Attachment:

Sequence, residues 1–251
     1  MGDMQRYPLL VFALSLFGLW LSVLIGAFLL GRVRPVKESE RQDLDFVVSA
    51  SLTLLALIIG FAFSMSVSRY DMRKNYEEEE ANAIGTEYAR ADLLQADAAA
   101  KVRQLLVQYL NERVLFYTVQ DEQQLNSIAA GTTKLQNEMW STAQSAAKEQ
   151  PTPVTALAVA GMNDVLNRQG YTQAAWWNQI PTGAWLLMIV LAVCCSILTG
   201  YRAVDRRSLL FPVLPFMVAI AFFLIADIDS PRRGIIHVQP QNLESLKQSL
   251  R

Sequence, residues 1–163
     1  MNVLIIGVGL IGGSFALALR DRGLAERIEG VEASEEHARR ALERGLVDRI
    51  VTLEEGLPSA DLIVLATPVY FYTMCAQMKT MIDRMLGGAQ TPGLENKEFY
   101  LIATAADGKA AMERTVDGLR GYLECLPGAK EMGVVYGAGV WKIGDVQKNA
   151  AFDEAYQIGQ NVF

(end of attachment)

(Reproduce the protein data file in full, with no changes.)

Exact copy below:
Sequence, residues 1–251
     1  MGDMQRYPLL VFALSLFGLW LSVLIGAFLL GRVRPVKESE RQDLDFVVSA
    51  SLTLLALIIG FAFSMSVSRY DMRKNYEEEE ANAIGTEYAR ADLLQADAAA
   101  KVRQLLVQYL NERVLFYTVQ DEQQLNSIAA GTTKLQNEMW STAQSAAKEQ
   151  PTPVTALAVA GMNDVLNRQG YTQAAWWNQI PTGAWLLMIV LAVCCSILTG
   201  YRAVDRRSLL FPVLPFMVAI AFFLIADIDS PRRGIIHVQP QNLESLKQSL
   251  R

Sequence, residues 1–163
     1  MNVLIIGVGL IGGSFALALR DRGLAERIEG VEASEEHARR ALERGLVDRI
    51  VTLEEGLPSA DLIVLATPVY FYTMCAQMKT MIDRMLGGAQ TPGLENKEFY
   101  LIATAADGKA AMERTVDGLR GYLECLPGAK EMGVVYGAGV WKIGDVQKNA
   151  AFDEAYQIGQ NVF